• PALB2

. A healthcare professional or genetic counselor will contact you and discuss your results.

Results you can receive include:

  • Positive: A known gene variation that increases your risk of breast cancer was detected.
  • Negative: A known gene variation that raises your risk of breast cancer was not detected.
  • Variant of unknown significance: A variant has been found in a gene, such as BRCA1 or BRCA2, but its impact on breast cancer risk is currently unknown.

Genetic testing results can be complex. Work with a genetic counselor to help understand what your results mean, so you can plan for next steps.

How Much Does An Inherited Harmful Variant In Brca1 Or Brca2 Increase A Womans Risk Of Breast And Ovarian Cancer

A womans lifetime risk of developing breast and/or ovarian cancer is markedly increased if she inherits a harmful variant in BRCA1 or BRCA2, but the degree of increase varies depending on the mutation.

Breast cancer: About 13% of women in the general population will develop breast cancer sometime during their lives . By contrast, 55%72% of women who inherit a harmful BRCA1 variant and 45%69% of women who inherit a harmful BRCA2 variant will develop breast cancer by 7080 years of age . The risk for any one woman depends on a number of factors, some of which have not been fully characterized.

Like women with breast cancer in general, those with harmful BRCA1 or BRCA2 variants also have an increased risk of developing cancer in the opposite breast in the years following a breast cancer diagnosis . The risk of contralateral breast cancer increases with the time since a first breast cancer, reaching 20%30% at 10 years of follow-up and 40%50% at 20 years, depending on the gene involved.

Ovarian cancer: About 1.2% of women in the general population will develop ovarian cancer sometime during their lives . By contrast, 39%44% of women who inherit a harmful BRCA1 variant and 11%17% of women who inherit a harmful BRCA2 variant will develop ovarian cancer by 7080 years of age .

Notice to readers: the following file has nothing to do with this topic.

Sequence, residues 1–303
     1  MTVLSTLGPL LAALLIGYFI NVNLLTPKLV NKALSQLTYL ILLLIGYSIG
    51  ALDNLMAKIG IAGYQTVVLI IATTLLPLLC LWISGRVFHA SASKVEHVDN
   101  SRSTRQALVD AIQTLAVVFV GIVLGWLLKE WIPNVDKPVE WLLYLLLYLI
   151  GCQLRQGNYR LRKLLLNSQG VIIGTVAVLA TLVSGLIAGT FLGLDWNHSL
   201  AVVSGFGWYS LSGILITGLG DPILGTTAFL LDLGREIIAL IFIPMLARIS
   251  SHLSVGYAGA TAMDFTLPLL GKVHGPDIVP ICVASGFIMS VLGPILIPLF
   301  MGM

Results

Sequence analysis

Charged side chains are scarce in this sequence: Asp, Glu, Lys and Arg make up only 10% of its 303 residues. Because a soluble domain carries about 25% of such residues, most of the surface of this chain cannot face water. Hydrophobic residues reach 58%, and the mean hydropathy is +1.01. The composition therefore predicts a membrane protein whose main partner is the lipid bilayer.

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How Do I Decide Whether To Be Tested

Given the limitations of testing for hereditary breast cancer, should an individual at high risk get tested? Genetic counselors can help individuals and families make decisions regarding testing.

For those who do test positive for the BRCA1 or BRCA2 gene, surveillance can help detect the disease at an early stage. A woman who tests positive can also consider taking the drug tamoxifen, which has been found to reduce the risk of developing breast cancer by almost 50 percent in women at high risk. Clinical trials are now under way to determine whether another drug, raloxifene, is also effective in preventing breast cancer.

What Is Hereditary Breast And Ovarian Cancer

Abnormal gene mutation increases risk of breast cancer

A diagnosis of Hereditary Breast and Ovarian Cancer Syndrome is considered when there are multiple cases of breast cancer and/or ovarian cancer on the same side of the family. The chance that a family has HBOC increases in any of these situations:

  • 1 or more women are diagnosed at age 45 or younger

  • 1 or more women are diagnosed with breast cancer before age 50 with an additional family history of cancer, such as prostate cancer, melanoma, and pancreatic cancer

  • There are breast and/or ovarian cancers in multiple generations on the same side of the family, such as having both a grandmother and an aunt on the fathers side both diagnosed with these cancers

  • A woman is diagnosed with a second breast cancer in the same or the other breast or has both breast and ovarian cancers

  • A male relative is diagnosed with breast cancer

  • There is a history of breast cancer, ovarian cancer, prostate cancer, and/or pancreatic cancer on the same side of the family

  • Having Ashkenazi Jewish ancestry

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Brca1 Promoter Hypermethylation In Breast And Ovarian Cancer